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Showing posts from October, 2020

Eighty years ago, Hitler meets two generals turned political leaders and opts for the status quo

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Eighty years ago, the Royal Family broadens its role in the war effort as scandal laps at Churchill's circle

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Princess Elizabeth, today Queen Elizabeth, made her first broadcast on BBC Children’s Hour at the remarkably early age of fourteen, opening a mdeia career that runs to this day. It was a considerably happier event than her uncle’s broadcast explaining his abdication four years before. The programme ushered in a new feature on the BBC North America service aimed at children who had been evacuated from Britain to escape bombing and the threat of invasion and now had to face a lonely life without their parents. She addressed her audience as fellow regular listeners to Children’s Hour. Inevitably the content barely rose above platitude but it was delivered well and demonstrated how artfully the Royal Family was being mobilised for the war effort. The "little princesses" had been a staple of adoring press comment during the 1930 as the model of an attractive young family, in implicit contrast to the louche demeanour of the Prince of Wales, later (briefly) Edward VIII. Elizabeth&#…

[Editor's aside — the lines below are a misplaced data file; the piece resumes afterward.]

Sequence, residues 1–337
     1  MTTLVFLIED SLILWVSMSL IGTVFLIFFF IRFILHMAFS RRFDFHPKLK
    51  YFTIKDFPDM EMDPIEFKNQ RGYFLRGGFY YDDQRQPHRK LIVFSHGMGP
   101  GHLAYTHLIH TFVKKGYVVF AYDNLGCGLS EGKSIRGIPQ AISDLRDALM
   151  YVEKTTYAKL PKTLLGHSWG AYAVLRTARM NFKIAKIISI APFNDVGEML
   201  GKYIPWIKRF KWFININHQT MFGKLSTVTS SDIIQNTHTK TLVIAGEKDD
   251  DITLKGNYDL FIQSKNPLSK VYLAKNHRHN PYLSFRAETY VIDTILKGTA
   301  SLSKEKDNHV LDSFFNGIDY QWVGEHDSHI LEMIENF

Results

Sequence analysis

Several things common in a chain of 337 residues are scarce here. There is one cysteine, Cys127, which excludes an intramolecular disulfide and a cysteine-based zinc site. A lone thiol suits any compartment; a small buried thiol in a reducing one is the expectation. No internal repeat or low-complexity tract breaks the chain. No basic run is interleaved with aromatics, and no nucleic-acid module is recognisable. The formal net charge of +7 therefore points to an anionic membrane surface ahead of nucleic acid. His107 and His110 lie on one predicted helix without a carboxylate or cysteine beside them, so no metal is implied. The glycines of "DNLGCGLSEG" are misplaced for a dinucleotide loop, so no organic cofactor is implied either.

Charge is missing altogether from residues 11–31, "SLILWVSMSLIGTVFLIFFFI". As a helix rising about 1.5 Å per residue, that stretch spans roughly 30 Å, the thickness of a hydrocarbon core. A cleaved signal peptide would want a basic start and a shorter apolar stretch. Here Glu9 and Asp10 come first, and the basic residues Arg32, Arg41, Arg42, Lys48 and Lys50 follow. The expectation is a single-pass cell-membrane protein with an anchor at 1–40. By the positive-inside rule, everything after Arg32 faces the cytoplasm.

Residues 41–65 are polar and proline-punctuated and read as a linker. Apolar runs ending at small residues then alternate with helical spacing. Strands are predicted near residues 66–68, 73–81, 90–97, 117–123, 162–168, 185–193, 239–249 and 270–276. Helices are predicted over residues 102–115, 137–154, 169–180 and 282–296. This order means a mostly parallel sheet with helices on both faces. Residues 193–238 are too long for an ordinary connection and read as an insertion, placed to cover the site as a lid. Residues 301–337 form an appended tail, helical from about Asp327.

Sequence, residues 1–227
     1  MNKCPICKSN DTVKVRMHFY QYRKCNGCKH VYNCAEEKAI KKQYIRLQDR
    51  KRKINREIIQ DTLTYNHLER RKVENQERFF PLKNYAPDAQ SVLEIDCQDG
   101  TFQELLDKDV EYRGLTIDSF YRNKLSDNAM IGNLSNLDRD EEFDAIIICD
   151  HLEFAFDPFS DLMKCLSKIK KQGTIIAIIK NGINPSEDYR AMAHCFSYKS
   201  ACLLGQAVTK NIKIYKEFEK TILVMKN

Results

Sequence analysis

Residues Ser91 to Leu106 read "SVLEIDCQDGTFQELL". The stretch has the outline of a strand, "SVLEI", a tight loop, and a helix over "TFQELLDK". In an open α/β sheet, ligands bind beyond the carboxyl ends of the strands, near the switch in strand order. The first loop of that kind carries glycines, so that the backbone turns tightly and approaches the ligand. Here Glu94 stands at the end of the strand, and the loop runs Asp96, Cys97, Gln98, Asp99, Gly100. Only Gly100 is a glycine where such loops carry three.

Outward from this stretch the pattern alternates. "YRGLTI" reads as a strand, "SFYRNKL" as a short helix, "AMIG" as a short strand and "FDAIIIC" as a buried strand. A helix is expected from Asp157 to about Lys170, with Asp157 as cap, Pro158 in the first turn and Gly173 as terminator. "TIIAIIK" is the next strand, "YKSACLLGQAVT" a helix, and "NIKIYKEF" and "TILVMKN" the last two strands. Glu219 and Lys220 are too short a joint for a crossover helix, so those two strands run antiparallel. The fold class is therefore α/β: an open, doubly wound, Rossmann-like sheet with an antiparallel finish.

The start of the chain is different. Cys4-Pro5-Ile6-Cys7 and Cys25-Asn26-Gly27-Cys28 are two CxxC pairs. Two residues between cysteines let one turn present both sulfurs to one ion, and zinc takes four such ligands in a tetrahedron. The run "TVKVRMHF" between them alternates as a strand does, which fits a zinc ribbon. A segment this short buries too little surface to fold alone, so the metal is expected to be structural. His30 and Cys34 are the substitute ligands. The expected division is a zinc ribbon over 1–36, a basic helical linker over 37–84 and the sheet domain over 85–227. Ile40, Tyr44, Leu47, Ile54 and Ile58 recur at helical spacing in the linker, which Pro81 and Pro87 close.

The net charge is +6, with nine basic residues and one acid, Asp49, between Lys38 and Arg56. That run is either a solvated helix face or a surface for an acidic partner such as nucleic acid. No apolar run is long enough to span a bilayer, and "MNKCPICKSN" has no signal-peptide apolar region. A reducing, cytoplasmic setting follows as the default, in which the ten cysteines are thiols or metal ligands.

Eighty years ago, fate consolidates Churchill's hold on power and the dictators mount a sham show of solidarity

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Eighty years ago, finding the limits to solidarity amongst dictators

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Germany, Italy and Japan signed what was officially know as the Tripartite Pact, but is better known as the Berlin-Rome-Tokyo Axis as an extension of the original Berlin-Rome Axis. The signatories undertook to assist any other if it was attacked by “a Power not at present involved in the European war or in the Sino-Japanese conflict”, in practise the United States or the Soviet Union. The risk of this happening was slight: Stalin was busily appeasing Hitler and had secured his eastern frontier against Japanese encroachment already; existing agreements with the USSR – in practice the Ribbentrop-Molotov pact which partitioned Poland - were to be left alone; US isolationist forces were so strong as to make intervention in Europe highly improbable and intervention against Japan only a little less so. If the Pact served any practical purpose it was to fire a shot across the bows of President Roosevelt who had shown himself willing to face up to Japan, mostly recently with economic sanction…